I am a bad person. Today, I was riding off to get a mobile phone card (this is how it works in every other country but the U.S.) and I went around a turn on my moped and hit a lady’s bike. She was walking her bike across turning lane when I hit it, and the bicycle and all her worldly belongings went flying all over the place.
She was fine, her bike was fine (I hit the back tire, and I saw that the rim was not bent when she picked her bike up and got out of the middle of the street). Everything was seemingly OK; she picked up her stuff and moved it out of the way, checked her bike and stood next to it, looking around, appearing not to be too flustered. I raised my visor to ask if she was OK, and her eyes widened. She became hysterical and started screaming in her native tongue; everyone around stared at me. I freaked, popped the bike back into first and took the fuck off.
This was wrong. Not that there weren’t things that the lady could have done to help prevent the accident, but excuses are for losers, and I take full responsibility for my actions (if by saying “responsibility” I mean “leaving the scene of the accident”). I regret leaving the scene so quickly without throwing her a couple of yuan for her troubles, but I freaked and jetted, and I have to live with that (and the constant fear that the police are tracking the white boy down in hopes that they’ll get to cane his ass).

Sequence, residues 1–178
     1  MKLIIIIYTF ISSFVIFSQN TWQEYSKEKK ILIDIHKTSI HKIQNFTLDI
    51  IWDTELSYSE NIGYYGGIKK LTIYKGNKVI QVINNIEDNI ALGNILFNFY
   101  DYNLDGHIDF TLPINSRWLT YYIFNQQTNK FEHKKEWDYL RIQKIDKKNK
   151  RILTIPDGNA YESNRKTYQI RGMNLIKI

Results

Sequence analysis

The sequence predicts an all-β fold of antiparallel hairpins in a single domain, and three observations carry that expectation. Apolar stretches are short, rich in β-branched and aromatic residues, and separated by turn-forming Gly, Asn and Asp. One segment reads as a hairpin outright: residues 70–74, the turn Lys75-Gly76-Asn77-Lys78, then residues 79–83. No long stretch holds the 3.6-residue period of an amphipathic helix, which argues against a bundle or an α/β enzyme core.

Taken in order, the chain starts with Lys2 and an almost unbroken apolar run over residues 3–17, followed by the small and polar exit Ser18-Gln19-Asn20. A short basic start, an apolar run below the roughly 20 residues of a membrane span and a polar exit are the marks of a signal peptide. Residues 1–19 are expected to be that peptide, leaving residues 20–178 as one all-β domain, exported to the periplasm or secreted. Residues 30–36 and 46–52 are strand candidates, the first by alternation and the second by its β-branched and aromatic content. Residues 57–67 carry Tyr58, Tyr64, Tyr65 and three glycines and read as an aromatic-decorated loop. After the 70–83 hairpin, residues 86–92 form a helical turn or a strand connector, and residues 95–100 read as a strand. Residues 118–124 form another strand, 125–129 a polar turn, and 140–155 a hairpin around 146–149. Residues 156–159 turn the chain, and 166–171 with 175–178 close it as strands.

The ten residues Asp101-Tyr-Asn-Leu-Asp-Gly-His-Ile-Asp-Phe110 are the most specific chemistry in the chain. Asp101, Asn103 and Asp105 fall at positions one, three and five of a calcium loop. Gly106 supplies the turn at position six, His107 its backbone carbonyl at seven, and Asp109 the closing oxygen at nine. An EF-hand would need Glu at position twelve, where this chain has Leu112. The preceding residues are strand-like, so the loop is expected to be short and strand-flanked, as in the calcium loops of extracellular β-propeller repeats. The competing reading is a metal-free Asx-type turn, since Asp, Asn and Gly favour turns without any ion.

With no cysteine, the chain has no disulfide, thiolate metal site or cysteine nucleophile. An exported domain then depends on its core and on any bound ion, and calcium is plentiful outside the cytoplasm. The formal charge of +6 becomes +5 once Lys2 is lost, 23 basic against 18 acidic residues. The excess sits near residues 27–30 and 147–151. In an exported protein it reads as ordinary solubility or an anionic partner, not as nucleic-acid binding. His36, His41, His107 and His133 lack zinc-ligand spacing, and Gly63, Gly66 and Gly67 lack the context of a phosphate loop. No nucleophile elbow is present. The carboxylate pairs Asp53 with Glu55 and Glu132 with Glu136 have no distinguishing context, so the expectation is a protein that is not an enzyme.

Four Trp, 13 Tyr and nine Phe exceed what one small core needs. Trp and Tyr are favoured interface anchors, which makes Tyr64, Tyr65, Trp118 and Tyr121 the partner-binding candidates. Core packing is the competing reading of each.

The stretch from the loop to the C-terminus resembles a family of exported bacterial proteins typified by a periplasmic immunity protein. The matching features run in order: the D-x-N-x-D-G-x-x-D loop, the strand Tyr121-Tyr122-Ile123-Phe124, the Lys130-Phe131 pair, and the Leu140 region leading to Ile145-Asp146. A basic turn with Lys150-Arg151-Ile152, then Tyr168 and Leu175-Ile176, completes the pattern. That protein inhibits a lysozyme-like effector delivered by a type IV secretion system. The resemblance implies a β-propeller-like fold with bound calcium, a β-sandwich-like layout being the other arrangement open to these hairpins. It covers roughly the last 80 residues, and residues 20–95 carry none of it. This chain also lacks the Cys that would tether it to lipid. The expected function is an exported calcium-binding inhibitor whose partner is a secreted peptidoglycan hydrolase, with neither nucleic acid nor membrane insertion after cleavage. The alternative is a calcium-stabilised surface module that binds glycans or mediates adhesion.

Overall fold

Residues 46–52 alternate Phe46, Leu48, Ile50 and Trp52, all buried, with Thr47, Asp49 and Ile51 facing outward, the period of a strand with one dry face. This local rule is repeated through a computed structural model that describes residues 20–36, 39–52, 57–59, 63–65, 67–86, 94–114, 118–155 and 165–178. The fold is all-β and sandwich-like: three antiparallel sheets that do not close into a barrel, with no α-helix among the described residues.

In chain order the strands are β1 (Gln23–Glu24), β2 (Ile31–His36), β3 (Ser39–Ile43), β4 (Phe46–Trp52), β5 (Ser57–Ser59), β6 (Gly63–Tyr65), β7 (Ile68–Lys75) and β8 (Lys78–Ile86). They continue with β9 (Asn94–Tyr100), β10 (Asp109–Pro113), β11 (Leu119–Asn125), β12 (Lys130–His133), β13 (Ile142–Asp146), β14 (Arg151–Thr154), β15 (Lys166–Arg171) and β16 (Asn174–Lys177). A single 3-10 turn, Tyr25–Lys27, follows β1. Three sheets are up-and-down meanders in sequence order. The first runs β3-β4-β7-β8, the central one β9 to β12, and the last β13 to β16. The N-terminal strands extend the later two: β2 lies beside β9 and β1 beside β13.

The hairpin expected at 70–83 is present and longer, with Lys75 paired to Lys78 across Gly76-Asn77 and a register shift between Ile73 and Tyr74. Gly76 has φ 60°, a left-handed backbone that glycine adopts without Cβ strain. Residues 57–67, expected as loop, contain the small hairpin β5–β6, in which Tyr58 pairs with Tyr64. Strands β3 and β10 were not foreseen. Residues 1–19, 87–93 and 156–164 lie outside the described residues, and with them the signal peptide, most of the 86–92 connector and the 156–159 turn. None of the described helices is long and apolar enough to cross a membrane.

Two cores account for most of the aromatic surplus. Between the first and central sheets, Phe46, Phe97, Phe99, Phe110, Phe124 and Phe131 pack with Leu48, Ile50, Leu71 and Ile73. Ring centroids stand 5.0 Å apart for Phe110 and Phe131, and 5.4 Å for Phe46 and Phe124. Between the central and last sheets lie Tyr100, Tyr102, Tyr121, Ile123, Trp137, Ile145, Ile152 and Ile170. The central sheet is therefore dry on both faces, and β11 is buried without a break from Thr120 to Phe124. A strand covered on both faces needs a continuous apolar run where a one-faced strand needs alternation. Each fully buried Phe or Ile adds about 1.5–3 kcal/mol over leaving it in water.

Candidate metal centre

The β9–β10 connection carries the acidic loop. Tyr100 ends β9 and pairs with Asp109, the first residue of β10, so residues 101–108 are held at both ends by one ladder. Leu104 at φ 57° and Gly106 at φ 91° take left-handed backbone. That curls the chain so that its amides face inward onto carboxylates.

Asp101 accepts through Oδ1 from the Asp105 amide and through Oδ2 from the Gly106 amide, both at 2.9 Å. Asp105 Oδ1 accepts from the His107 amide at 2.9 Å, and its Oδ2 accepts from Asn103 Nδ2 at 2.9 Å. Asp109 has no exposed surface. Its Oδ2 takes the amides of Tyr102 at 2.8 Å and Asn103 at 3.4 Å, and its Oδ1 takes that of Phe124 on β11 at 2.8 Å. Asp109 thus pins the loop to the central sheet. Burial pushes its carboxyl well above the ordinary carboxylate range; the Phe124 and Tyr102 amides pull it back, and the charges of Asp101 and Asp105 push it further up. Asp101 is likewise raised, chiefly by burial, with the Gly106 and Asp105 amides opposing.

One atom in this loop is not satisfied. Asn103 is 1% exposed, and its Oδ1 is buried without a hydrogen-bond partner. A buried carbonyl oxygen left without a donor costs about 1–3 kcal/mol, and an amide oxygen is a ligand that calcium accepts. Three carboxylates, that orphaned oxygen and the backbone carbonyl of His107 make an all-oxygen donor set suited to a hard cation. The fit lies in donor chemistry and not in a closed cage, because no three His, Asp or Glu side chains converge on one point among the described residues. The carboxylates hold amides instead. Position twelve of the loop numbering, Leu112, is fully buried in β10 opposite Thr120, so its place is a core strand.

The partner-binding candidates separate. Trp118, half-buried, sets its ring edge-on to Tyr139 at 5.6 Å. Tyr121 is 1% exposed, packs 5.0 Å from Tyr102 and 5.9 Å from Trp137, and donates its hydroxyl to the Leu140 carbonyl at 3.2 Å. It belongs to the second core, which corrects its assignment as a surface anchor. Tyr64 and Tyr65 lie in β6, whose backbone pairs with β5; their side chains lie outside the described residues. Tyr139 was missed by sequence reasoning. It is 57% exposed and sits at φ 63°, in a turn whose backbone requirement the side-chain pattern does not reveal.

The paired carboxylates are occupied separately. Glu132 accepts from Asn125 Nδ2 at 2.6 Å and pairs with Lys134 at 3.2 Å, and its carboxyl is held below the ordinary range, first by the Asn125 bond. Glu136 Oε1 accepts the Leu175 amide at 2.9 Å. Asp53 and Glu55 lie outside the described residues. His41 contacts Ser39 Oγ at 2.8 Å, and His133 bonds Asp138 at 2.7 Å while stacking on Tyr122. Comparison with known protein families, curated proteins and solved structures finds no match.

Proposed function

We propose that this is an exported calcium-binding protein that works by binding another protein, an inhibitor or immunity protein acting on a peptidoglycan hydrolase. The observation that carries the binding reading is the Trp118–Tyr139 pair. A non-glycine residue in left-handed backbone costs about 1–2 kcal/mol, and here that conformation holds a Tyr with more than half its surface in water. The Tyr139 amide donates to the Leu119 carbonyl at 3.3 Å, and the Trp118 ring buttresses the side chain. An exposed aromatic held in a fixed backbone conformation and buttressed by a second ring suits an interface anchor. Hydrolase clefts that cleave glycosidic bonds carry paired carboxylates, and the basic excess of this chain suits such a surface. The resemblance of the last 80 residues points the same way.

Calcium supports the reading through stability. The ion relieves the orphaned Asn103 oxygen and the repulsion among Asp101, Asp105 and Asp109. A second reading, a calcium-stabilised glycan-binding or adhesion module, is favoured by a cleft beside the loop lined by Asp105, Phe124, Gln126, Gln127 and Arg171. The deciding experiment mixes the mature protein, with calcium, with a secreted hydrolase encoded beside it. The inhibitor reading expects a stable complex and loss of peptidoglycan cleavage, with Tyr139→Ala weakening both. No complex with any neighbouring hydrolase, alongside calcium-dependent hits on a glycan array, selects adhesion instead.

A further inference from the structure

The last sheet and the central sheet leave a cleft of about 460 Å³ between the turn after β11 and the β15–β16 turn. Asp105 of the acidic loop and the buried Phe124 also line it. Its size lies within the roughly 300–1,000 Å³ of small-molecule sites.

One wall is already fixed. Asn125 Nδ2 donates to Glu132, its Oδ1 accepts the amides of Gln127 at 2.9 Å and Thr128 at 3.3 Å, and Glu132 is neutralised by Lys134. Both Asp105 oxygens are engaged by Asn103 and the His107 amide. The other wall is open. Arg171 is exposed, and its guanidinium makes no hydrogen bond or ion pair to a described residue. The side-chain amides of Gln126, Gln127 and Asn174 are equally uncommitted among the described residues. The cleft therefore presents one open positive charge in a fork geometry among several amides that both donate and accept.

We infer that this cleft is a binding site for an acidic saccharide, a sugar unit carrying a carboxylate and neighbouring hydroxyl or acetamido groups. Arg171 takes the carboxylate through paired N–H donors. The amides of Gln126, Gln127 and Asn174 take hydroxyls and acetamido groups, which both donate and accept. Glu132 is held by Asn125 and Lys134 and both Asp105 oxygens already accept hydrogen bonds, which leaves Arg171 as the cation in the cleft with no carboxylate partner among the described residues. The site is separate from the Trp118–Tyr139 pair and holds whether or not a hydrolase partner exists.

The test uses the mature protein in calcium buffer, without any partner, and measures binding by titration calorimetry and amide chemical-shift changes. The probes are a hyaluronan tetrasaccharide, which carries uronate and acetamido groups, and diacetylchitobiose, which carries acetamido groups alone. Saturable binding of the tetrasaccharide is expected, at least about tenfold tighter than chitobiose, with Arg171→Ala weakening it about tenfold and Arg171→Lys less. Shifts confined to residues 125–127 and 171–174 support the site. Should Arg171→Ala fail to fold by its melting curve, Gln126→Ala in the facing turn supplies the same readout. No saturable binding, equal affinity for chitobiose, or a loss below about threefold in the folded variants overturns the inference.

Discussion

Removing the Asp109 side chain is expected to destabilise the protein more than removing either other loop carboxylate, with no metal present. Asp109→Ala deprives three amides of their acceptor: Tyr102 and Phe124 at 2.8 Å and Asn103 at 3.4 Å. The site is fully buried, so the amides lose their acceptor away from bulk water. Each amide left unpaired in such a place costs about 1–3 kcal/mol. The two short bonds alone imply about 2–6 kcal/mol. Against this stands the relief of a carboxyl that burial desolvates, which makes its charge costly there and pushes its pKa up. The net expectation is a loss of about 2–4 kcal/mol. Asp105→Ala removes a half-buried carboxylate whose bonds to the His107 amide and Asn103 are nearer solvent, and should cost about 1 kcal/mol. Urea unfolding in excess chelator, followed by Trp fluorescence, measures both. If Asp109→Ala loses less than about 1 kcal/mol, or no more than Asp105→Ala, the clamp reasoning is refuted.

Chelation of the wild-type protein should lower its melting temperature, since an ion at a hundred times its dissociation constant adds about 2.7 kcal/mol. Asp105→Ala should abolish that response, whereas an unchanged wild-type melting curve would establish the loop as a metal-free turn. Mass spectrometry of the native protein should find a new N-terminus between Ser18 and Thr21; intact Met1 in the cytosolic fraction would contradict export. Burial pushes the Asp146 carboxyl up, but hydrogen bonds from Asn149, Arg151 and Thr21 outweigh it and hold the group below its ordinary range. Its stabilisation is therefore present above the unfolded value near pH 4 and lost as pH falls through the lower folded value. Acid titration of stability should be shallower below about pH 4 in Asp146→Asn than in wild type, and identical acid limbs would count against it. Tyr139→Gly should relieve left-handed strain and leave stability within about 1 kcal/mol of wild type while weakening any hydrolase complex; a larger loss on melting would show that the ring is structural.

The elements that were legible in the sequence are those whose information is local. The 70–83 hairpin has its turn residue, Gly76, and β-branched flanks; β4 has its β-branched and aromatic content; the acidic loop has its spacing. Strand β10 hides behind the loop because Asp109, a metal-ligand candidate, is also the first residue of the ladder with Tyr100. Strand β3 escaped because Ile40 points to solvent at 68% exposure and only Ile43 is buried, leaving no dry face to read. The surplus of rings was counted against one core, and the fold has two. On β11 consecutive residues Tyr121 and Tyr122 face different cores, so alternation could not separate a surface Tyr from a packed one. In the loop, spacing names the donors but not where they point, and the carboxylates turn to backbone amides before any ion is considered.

I have brushed a few people, and a few people have brushed me. I usually keep my helmet on and look at them, then there is some conciliatory gesture made by one side, there’s an acknowledgement, there is mutual inspection the respective vehicles involved, and then you drive off. I did the dance (although this “brush” was a little worse than the previous accidents) and made the mistake of showing her my white face. Now I am not trying to rationalize leaving by any other means than being afraid of being prosecuted by the government, but her expression COMPLETELY changed. When she looked at me as I raised the visor on my helmet, I was convinced she saw a paycheck.
I went home because I needed to get some ID to bring back to the telecom office, got in the shower, and thought about the day’s events (and it was only 11:30). I apologized and asked God if he would bring his revenge upon me quickly, and that he did.
There’d been a clicking sound on my moped that I’d been ignoring for the last couple days or so. I hopped on my bike to go back to the telecom store, and a mile later the clicking sound went away in a KA-THUNK and a flourish of twisted metal as the chain snapped from its gears and tore my chain guard open.
I just looked up at the sun and smiled.
No, I don’t think I’m paid up for what I’ve done, not by a long shot. I just consider that a friendly reminder from the Old Guy letting me know he’s listening.